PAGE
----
Whether you’re a first-time homebuyer, or you’re used to living in warmer climates during the winter months, snow removal may not be at the top of your mind. In fact, you might not even realize that this falling fluff often causes thousands of dollars of repair.
When Does Snow on Your Roof Become Dangerous?
There are two main concerns:
- Roof collapse
- Ice dams
A roof collapse is a bigger concern for flat roofs, as snow can accumulate more easily. Still, even with sloped roofs, you should watch out for the accumulation of snow, particularly if you live in a home that can’t withstand too much weight, such as an older home or one built in a geographical area, where snowfall is increasing.
Ice dams occur when there is a buildup of ice along the edge of your roof. As snow on the roof melts, it trickles to the edge of the roof, where it can freeze and, as we noted back in September, can wreak havoc on your roof, gutters, interior drywall and more.
When Should I Use a Roof Rake?
To avoid these issues, walk around your house after each snowfall to assess where the snow has accumulated. Remember to check areas that you don’t see on an everyday basis! The snow should not be piled up, and melted snow should flow freely through gutters.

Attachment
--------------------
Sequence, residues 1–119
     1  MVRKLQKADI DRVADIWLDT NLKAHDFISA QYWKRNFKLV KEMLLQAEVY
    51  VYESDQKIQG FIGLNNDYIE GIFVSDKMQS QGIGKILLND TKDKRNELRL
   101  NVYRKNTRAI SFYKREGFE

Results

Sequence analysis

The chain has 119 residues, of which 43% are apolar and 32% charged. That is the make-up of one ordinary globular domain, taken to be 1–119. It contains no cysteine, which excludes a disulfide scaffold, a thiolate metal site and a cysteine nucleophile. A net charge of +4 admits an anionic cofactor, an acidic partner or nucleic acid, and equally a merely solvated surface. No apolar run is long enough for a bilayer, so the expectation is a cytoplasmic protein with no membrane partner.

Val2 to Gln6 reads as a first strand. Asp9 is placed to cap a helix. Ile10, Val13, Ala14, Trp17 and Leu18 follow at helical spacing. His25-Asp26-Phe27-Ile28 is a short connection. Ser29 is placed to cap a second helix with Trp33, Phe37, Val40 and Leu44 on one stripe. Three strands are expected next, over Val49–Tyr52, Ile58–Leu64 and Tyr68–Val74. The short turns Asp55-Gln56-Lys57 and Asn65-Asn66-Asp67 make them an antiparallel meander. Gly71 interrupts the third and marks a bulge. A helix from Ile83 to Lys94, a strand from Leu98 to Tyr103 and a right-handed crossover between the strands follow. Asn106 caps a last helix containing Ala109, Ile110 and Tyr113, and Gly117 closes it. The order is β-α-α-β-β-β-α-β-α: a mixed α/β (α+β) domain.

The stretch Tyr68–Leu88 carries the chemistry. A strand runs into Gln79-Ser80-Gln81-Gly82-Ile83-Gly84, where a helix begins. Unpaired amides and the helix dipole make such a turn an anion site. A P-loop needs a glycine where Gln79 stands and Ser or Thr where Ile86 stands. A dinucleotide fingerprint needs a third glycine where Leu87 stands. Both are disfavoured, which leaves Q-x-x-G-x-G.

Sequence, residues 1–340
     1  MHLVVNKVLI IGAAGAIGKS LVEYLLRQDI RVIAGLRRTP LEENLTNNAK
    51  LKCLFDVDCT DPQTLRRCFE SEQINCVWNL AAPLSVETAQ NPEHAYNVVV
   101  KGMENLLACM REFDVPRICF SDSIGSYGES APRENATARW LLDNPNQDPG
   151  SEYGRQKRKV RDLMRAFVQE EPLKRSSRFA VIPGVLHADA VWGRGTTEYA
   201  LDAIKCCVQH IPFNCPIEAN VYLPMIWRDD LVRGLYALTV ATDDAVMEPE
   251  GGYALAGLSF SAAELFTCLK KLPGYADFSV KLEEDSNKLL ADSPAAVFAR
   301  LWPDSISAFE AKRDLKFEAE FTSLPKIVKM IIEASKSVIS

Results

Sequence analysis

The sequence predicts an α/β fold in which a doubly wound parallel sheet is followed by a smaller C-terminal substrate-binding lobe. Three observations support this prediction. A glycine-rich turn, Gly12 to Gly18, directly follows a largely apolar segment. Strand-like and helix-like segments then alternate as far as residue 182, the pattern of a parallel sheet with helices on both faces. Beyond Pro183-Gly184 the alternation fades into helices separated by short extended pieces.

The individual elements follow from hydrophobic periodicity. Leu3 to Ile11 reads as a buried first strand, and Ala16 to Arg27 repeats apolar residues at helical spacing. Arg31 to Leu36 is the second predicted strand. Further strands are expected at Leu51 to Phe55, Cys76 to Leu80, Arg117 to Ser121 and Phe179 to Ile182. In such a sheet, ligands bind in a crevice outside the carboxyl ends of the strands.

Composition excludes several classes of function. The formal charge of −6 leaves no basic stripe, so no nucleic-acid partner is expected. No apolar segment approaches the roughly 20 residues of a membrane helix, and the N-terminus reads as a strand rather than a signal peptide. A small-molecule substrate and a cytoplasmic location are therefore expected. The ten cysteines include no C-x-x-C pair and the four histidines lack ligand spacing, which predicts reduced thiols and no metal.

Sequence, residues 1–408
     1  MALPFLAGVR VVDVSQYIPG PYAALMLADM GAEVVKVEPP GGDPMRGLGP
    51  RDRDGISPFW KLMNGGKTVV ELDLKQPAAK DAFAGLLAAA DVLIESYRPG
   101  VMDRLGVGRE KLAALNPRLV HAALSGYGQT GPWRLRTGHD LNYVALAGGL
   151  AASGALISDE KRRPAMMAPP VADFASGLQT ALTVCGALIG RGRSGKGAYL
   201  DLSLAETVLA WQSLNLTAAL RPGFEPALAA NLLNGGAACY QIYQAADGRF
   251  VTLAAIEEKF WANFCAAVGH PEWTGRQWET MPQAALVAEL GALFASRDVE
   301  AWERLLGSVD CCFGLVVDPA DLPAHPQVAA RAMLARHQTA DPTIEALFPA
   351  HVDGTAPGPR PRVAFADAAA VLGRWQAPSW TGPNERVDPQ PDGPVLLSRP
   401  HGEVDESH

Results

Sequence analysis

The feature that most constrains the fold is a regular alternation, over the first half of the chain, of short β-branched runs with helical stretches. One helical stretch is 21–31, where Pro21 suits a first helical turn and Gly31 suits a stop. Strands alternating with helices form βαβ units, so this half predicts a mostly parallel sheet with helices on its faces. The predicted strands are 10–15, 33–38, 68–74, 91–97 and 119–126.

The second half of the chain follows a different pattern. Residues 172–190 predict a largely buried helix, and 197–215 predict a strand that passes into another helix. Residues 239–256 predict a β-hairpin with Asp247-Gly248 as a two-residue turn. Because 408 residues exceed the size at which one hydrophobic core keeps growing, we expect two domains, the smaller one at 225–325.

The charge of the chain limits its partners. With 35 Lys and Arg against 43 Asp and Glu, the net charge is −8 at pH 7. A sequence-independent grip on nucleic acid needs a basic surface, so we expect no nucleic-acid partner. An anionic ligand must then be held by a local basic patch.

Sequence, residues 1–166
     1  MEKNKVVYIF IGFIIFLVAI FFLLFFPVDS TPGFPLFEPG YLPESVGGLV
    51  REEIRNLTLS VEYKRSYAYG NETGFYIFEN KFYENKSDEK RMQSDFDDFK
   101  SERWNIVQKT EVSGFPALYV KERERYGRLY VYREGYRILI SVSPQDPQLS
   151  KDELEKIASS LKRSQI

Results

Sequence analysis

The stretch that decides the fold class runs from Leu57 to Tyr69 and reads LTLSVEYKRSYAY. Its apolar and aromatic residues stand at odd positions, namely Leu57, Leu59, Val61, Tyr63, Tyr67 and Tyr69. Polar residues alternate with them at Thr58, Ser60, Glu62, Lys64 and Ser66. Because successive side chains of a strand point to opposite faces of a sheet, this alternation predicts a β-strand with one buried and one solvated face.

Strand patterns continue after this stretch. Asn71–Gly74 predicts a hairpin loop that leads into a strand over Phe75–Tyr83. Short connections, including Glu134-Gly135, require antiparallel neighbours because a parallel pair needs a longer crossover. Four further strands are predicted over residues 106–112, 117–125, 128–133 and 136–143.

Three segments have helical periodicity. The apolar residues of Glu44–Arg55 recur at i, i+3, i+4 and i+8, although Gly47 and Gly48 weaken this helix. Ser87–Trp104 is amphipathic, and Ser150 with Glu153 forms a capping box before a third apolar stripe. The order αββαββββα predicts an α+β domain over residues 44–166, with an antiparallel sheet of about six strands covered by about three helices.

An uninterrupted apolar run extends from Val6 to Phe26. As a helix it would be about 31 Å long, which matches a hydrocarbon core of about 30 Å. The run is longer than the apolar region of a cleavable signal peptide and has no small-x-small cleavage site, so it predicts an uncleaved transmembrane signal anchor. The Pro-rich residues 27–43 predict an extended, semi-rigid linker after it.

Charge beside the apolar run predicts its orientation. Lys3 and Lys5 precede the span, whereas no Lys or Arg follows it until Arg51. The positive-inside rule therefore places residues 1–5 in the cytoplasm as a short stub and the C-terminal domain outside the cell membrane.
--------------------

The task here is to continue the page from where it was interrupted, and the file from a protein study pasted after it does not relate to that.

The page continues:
When there is excess snow, use a roof rake to clear it off, but be sure you can do it safely.
Here are some tips:
- Use a roof rake when total snowfall has accumulated to 6” or more. This is frequent enough to help prevent issues, but infrequent enough that it’s easier on your body.
- Avoid using a shovel, which can ruin your shingles. This is why many companies, including Weathersafe, use steamers for gentle ice dam removal.
- Keep your feet planted firmly on the ground, and reach as high as you can with the roof rake. That’s the only area you should clear off.
- Do not use a ladder, and do not go on the roof! Leave that to the professionals!
A roof rake should be sufficient enough to avoid any ice dams or excessive snow accumulation, but be sure to keep an eye out for issues all winter.
Safe Snow and Ice Dam Removal
Once you see ice on your overhangs, you have the beginning of an ice dam. And that means it’s time to call in the professionals.
Trying to remove an ice dam yourself is dangerous and could wreck your shingles, and a roof rake won’t help; snow will continue melting, trickling down, and freezing on the existing ice, making the ice dam even bigger.